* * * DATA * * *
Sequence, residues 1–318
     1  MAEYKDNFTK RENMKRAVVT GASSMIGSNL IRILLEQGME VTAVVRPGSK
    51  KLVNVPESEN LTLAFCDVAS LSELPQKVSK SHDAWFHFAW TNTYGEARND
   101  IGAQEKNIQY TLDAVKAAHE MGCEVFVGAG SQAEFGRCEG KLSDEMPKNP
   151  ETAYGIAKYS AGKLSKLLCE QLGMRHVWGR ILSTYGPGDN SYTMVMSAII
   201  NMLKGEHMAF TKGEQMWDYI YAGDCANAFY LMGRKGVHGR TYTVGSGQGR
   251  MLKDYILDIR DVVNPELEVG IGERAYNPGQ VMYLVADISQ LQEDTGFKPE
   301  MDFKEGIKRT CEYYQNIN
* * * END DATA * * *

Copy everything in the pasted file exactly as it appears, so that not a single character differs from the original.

Sequence, residues 1–318
     1  MAEYKDNFTK RENMKRAVVT GASSMIGSNL IRILLEQGME VTAVVRPGSK
    51  KLVNVPESEN LTLAFCDVAS LSELPQKVSK SHDAWFHFAW TNTYGEARND
   101  IGAQEKNIQY TLDAVKAAHE MGCEVFVGAG SQAEFGRCEG KLSDEMPKNP
   151  ETAYGIAKYS AGKLSKLLCE QLGMRHVWGR ILSTYGPGDN SYTMVMSAII
   201  NMLKGEHMAF TKGEQMWDYI YAGDCANAFY LMGRKGVHGR TYTVGSGQGR
   251  MLKDYILDIR DVVNPELEVG IGERAYNPGQ VMYLVADISQ LQEDTGFKPE
   301  MDFKEGIKRT CEYYQNIN